J.C. Harris, a young Englishman who had been living in the Cowichan Valley on Vancouver Island, came to the Slocan in 1896 to look for farmland. He planned to supply the mines with fresh fruit and vegetables. As no one else was interested in farming, he had his choice of land. This account, which he wrote in 1944, treats his arrival in New Denver, his search for land, his encounters with some of the valley’s most colourful characters, and his purchase of land—the Bosun Ranch—on a terrace between New Denver and Silverton. He then describes his first two years of pioneering, and the discovery, development, and decline of the Bosun Mine.

Boom Days in the Slocan

For a few years after the discovery of silver-lead ore in the summer of 1891, the Slocan was the North American focus of speculative hard rock mining. Before the end of 1897, as Klondike excitement grew, the boom was over, but its brief energy had transformed the Slocan. J.C. Harris, who in 1944 wrote the account in this booklet, arrived in New Denver in 1896, participated in the last two years of the rush and remained in the Slocan for the rest of his life. His memory was sharp, his eye for detail and odd characters keen, his writing vivid. His is the fullest first-hand account of the Slocan’s turbulent modern beginnings from which, some would say, it has yet to recover.

Newspapers & the Slocan in the 1890s

Newspapers appeared almost as quickly as townsites in the early Slocan. By 1900 there had been 17 newspapers, most of them short-lived, in the wedge of land between Nakusp, Kaslo, and Slocan City. In a pre-electronic age, they provided essential information, and, when the geography of settlement had yet to be established, each of them boosted the fortunes of its particular townsite. This booklet, composed of excerpts from the early newspapers, reveals both the newspapers and a corner of B.C. in the process of formation.

Early New Denver

New Denver, on the delta of Carpenter Creek and a portal to the mines behind, was one of the few townsites that survived the early days of the Slocan mining rush. Its promoters had anticipated another Denver, Colorado; instead, after its ten first years only 343 people lived there. New Denver had become a small Kootenay village. But the rough early townsite, a place of boulders and stumps, had been mellowed by human use. There were several good-sized hotels, also houses and gardens. New Denver was largely composed of families, the great majority of them from Eastern Canada or Britain. Yet in a new place, transplanted lives were being recontextualized; a distinctive local society was beginning to emerge.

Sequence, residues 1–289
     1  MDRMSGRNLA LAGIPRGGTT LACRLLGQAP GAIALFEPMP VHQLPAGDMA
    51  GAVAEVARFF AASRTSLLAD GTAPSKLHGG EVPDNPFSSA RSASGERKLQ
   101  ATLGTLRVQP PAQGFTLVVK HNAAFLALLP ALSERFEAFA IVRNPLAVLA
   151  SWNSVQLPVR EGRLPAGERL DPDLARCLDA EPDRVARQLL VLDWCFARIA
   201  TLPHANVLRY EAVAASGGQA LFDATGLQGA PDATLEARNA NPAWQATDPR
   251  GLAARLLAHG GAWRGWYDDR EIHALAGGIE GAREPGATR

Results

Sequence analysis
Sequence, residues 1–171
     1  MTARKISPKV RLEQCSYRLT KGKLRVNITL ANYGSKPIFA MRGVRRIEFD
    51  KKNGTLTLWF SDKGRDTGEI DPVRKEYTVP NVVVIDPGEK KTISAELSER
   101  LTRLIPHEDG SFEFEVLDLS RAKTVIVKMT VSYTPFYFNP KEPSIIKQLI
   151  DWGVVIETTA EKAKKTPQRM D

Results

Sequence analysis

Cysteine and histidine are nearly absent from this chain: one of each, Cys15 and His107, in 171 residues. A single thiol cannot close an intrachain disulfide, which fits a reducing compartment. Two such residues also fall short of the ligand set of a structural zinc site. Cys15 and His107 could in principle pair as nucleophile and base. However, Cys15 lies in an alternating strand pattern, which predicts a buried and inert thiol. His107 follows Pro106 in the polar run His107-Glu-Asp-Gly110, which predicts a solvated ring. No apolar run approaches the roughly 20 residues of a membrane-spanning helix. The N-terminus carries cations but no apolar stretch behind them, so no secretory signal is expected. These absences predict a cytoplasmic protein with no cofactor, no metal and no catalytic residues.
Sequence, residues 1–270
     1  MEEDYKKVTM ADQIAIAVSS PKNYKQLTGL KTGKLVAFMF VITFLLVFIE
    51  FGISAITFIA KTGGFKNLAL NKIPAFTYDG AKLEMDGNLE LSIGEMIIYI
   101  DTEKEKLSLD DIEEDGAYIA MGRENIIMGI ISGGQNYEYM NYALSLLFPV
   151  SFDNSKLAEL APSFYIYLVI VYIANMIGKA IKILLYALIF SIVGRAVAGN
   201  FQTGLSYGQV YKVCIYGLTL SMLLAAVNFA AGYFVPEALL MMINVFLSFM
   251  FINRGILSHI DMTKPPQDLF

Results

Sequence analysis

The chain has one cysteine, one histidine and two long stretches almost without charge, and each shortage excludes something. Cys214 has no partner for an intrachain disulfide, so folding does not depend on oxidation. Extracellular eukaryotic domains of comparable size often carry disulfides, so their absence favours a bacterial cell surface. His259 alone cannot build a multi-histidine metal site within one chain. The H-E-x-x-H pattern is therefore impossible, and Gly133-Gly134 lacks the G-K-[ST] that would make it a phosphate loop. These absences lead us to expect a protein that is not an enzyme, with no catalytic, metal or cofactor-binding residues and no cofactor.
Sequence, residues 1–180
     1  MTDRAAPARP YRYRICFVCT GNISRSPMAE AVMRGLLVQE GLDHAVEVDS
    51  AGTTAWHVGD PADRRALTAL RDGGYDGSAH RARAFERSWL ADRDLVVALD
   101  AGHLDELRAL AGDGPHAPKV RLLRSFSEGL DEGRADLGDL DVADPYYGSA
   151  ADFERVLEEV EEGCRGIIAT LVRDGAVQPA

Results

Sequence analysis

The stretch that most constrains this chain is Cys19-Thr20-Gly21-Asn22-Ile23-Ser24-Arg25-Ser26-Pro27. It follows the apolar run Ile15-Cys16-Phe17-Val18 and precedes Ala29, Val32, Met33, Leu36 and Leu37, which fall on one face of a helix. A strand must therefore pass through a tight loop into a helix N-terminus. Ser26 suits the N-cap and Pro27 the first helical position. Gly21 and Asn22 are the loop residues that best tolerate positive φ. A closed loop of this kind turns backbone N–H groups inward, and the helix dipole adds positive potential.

Martin Fry, Frontiersman

Martin Fry grew up in the Willamette Valley, Oregon, and spent much of his life in the vast, thinly populated watershed of the Columbia River. In the fall of 1891–92 he participated in the rush to the Slocan, and early the following spring staked a claim that became the Slocan’s first shipping mine. He was interviewed in 1927 by J.C. Harris, who wrote an account of his life. Now, almost a century later, this account offers a glimpse of a vanished frontier where Indigenous people were still the principal population, the regulatory apparatus of modern societies was weakly in place, and ingenious individuals like Martin Fry created livelihoods out of an astonishing variety of practical occupations. It is also the most detailed surviving eyewitness account of the early days of the Slocan mining rush.

Industry and the Good Life Around Idaho Peak

A well-developed industrial mining complex, worked out in the hard-rock mining camps of the American West, poured into the Slocan Valley in the 1890s. With it came a mixture of peoples, technologies of mining and transportation adapted to mountainous terrain, services, and the institutions of class conflict in industrial societies. This booklet, based on an article in the Canadian Historical Review in 1985, describes how these peoples, technologies, services, and institutions arranged themselves around Idaho Peak. It also describes the societies left behind when the boom was over, and what is now known of the Sinixt people in the Slocan during the century before the miners arrived.